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Determinants of agonistic interactions in California sea lions

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California sea lions aggregate in high density colonies during the breeding season. Competition for space and mates results in agonistic interactions that may have long-term population consequences. We explored how demographic, behavioral, and environmental variables influence the rate of agonistic interactions in male and female California sea lions at three breeding colonies with varying population trends and distributed across a wide latitudinal gradient within the Gulf of California, Mexico. Our results indicate that male agonistic interactions are related to environmental and spatial parameters, whereas female interactions are related to male interactions, operational sex ratio (OSR) and environmental parameters. Most demographic and environmental parameters were inversely related to rates of agonistic interactions, with the exception of positive relationships between agonistic interactions and territory size for males and OSR for females. In addition, the highest overall rates of aggression were associated with a declining population. Our findings suggest agonistic interactions may be useful in assessing population dynamics, but additional research is needed to identify mechanistic relationships.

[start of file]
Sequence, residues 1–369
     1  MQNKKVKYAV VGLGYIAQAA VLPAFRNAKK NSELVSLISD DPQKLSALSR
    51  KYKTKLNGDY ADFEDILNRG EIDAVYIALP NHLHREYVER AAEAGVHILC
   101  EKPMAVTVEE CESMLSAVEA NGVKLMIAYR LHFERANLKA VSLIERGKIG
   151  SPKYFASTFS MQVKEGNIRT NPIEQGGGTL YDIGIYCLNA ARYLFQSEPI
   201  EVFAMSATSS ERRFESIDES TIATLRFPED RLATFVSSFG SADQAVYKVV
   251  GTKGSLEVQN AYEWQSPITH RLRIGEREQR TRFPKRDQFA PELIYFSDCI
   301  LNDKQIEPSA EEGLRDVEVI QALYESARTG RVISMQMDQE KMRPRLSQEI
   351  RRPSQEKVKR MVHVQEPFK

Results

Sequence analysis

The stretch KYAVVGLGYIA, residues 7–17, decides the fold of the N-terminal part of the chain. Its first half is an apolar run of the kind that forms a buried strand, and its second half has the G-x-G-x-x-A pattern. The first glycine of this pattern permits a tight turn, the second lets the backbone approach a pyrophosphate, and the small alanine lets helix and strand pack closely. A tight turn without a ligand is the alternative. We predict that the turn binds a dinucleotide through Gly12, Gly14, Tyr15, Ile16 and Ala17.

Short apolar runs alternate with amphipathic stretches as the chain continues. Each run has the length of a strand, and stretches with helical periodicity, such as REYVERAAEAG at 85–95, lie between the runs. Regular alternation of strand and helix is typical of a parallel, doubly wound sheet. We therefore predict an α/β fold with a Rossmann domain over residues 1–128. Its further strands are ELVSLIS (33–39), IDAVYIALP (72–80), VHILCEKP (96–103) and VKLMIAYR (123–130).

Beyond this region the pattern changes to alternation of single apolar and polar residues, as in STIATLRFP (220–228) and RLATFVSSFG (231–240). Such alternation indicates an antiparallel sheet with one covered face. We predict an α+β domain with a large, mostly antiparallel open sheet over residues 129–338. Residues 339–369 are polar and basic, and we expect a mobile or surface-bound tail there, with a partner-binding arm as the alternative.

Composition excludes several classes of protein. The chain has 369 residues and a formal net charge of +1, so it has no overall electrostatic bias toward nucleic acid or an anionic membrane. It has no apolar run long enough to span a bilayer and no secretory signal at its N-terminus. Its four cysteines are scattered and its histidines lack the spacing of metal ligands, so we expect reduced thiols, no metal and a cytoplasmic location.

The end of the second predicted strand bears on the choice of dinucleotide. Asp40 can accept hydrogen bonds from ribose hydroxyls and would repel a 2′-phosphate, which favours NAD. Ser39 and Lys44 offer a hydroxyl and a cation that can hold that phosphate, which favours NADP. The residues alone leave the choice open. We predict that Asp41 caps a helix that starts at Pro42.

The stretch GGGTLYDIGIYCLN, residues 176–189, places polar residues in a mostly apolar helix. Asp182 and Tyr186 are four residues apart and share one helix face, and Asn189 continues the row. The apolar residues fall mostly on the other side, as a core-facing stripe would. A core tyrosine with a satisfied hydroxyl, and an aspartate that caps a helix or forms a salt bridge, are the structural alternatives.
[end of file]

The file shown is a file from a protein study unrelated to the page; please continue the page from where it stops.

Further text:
Affiliations: 1: School of Life Sciences, Arizona State University, Tempe, AZ 85287-4501, USA; Wildlife Conservation Society, Northern Rockies Field Office, University of Montana, Division of Biological Sciences, Missoula, MT 59812-4824, USA; 2: School of Life Sciences, Arizona State University, Tempe, AZ 85287-4501, USA

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